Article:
FOR IMMEDIATE RELEASE
December 12, 2008
Austin — Today, state Senator Robert Nichols (R-Jacksonville) thanked the Texas Department of Criminal Justice (TDCJ) for not renewing a prison industries contract that hurts the Texas job market. The TDCJ decision came after a letter from the Texas Workforce Commission (TWC) making a case against the contract. (See attached.)
"It's the right thing to do," said Nichols. "Hard-working citizens shouldn't have to compete for jobs with cheap prison labor and facilities paid for by taxpayers. I appreciate the leadership of Gov. Perry, TWC and TDCJ to help resolve this issue."
In a letter dated December 10, TDCJ informed Direct Trailer and Equipment Company (Direct Trailer) the board would not renew the company's contract set to expire March 1. Nichols first called for an end to Direct Trailer's contract when he learned it helped lead to job losses in East Texas. Over the last year, Nichols has called on the prison industries program oversight board to cancel the contract. After numerous appeals to the oversight board, Nichols took the case directly to the TDCJ board.
"The program is well-intentioned, but the unintended consequence of employing prisoners takes jobs away from law-abiding men and women," said Nichols.
As a partner in TDCJ's Prison Industry Enhancement Certification Program (PIE program), Direct Trailer employs offenders in the Michael Unit at Tennessee Colony to assemble trailers for 18-wheeler trucks. In January Direct Trailer's competitor, Lufkin Industries, Inc., closed its trailer manufacturing division, affecting 150 employees.
Lufkin Industries, Inc., located about 85 miles from Tennessee Colony, could not compete with Direct Trailer who sold its product for thousands of dollars less due to an indirect subsidy from prison labor and facilities. While Direct Trailer supposedly pays a prevailing wage, it benefits from the use of cheap facilities, a reduced tax burden, and not paying for employee benefits. The company pays only $1 a year to lease70,000 square feet of factory space from the prison. Direct Trailer even advertised they could sell their products for less because of a special relationship with the state utilizing inmate labor.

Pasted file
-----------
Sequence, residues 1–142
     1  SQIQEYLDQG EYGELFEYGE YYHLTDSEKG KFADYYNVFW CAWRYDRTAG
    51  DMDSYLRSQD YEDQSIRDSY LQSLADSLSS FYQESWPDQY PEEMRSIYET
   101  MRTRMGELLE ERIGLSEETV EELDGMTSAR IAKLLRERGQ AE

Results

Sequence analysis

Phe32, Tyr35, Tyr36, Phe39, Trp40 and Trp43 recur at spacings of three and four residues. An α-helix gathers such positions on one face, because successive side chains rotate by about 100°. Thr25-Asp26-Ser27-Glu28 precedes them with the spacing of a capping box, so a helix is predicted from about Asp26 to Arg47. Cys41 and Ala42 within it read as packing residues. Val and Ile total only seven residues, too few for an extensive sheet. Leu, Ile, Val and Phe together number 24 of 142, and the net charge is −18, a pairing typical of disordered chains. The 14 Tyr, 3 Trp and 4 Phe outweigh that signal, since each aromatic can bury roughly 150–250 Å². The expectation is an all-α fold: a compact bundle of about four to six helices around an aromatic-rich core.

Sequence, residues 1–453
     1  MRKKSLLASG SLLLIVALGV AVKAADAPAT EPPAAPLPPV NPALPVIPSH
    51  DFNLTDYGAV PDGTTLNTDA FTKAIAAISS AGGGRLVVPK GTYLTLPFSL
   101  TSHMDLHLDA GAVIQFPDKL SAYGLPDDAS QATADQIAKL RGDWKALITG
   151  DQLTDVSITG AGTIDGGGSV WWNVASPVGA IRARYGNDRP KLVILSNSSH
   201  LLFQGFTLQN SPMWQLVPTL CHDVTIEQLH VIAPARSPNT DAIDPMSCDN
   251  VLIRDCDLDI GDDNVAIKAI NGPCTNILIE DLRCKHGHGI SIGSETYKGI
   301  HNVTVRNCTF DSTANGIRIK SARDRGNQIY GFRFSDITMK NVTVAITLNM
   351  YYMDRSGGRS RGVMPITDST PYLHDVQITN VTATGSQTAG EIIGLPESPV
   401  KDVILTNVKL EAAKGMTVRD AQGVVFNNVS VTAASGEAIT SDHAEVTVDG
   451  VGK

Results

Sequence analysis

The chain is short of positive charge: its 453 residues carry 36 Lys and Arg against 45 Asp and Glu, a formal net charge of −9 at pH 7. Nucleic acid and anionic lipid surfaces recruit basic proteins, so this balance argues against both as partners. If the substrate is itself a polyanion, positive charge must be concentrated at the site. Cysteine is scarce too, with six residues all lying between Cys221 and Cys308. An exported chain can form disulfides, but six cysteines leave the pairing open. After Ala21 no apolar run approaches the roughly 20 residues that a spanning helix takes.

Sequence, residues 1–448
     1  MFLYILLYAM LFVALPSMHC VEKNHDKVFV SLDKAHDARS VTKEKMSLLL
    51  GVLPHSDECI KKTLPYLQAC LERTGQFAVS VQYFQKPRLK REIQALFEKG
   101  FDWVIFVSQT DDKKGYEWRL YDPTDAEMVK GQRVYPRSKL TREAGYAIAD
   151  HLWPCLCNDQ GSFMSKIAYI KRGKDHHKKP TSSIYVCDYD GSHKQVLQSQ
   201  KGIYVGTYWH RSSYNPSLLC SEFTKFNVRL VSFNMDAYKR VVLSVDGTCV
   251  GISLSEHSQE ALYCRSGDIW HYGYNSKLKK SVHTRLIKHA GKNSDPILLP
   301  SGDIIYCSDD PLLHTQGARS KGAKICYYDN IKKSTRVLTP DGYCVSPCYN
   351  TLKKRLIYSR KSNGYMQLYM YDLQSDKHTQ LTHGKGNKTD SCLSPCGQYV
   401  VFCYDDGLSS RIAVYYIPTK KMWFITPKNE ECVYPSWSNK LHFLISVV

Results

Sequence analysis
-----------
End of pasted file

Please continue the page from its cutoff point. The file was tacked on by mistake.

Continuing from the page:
"It's wrong to give prison industry businesses these huge advantages and then ask private companies to compete," said Nichols. "Especially in times like these, we should help Texas businesses, not drive them away."
In addition to Nichols, community and business leaders from both Lufkin and Nacogdoches testified before the PIE oversight board regarding the impact of this contract on their local economies, calling for its termination. Representatives from Bright Coop, Inc., which manufactures Viking trailers, testified their business is affected by the continued Direct Trailer contract.
"What's at stake is not just the jobs lost but also the jobs not created because employers feared the competition from companies using prison labor," said Nichols.
While action from the TDCJ on this contract is a significant victory, Nichols will work to resolve injustices from other prison industry contracts.
"During the legislative session, I will continue to work with TDCJ, TWC, business groups and labor representatives to help protect Texas workers," said Nichols. "Ending this contract is the right first step."